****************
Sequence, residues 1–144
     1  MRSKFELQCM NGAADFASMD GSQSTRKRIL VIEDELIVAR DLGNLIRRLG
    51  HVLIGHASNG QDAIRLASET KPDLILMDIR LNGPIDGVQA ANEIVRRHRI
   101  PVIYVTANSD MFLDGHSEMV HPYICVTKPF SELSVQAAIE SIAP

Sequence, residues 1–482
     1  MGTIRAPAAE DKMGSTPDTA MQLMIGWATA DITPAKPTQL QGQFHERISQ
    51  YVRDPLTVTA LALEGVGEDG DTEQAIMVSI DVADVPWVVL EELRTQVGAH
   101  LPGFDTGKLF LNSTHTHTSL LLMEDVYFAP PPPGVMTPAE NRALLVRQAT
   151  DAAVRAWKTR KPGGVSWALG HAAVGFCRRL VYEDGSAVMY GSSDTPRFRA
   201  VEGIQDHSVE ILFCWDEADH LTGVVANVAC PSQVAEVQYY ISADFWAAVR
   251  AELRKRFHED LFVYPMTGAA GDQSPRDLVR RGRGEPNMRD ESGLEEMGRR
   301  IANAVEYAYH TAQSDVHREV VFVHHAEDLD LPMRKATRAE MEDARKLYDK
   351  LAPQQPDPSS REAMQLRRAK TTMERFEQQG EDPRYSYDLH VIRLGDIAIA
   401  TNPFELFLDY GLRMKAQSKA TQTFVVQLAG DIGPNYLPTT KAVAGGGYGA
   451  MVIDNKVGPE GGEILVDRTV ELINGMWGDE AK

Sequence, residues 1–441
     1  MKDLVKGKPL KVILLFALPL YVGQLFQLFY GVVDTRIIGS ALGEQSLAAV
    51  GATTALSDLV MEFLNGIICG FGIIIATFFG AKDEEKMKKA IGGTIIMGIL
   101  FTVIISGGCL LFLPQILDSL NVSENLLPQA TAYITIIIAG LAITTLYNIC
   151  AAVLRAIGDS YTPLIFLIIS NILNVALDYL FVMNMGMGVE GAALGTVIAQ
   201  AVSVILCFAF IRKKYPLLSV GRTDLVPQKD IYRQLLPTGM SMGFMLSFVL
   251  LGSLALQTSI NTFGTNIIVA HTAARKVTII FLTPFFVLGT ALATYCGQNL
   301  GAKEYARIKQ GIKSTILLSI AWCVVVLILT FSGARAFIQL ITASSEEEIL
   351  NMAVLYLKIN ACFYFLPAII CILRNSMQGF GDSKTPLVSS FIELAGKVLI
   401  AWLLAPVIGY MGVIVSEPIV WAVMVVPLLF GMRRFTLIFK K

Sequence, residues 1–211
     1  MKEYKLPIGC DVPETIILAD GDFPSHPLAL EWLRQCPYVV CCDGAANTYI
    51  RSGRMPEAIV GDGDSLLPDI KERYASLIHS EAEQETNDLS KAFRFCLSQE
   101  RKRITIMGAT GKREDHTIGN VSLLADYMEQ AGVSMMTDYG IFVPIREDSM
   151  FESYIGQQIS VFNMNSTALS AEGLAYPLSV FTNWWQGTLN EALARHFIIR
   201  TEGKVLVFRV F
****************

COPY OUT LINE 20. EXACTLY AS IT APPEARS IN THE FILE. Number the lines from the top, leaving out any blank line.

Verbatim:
   151  AAVLRAIGDS YTPLIFLIIS NILNVALDYL FVMNMGMGVE GAALGTVIAQ